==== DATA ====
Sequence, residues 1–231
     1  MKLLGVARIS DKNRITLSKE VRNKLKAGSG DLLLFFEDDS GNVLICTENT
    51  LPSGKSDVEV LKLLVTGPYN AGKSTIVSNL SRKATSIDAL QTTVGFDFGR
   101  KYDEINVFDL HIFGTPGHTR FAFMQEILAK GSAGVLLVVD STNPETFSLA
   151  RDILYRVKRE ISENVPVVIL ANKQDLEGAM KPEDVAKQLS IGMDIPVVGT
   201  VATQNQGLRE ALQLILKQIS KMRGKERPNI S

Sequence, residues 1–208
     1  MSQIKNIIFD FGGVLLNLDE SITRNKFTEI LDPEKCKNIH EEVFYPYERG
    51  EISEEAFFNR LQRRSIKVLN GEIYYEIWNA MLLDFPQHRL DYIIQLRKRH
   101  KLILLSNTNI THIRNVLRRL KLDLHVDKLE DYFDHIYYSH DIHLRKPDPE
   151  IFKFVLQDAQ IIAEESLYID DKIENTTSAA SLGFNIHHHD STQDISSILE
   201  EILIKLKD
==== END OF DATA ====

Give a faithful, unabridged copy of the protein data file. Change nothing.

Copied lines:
Sequence, residues 1–231
     1  MKLLGVARIS DKNRITLSKE VRNKLKAGSG DLLLFFEDDS GNVLICTENT
    51  LPSGKSDVEV LKLLVTGPYN AGKSTIVSNL SRKATSIDAL QTTVGFDFGR
   101  KYDEINVFDL HIFGTPGHTR FAFMQEILAK GSAGVLLVVD STNPETFSLA
   151  RDILYRVKRE ISENVPVVIL ANKQDLEGAM KPEDVAKQLS IGMDIPVVGT
   201  VATQNQGLRE ALQLILKQIS KMRGKERPNI S

Sequence, residues 1–208
     1  MSQIKNIIFD FGGVLLNLDE SITRNKFTEI LDPEKCKNIH EEVFYPYERG
    51  EISEEAFFNR LQRRSIKVLN GEIYYEIWNA MLLDFPQHRL DYIIQLRKRH
   101  KLILLSNTNI THIRNVLRRL KLDLHVDKLE DYFDHIYYSH DIHLRKPDPE
   151  IFKFVLQDAQ IIAEESLYID DKIENTTSAA SLGFNIHHHD STQDISSILE
   201  EILIKLKD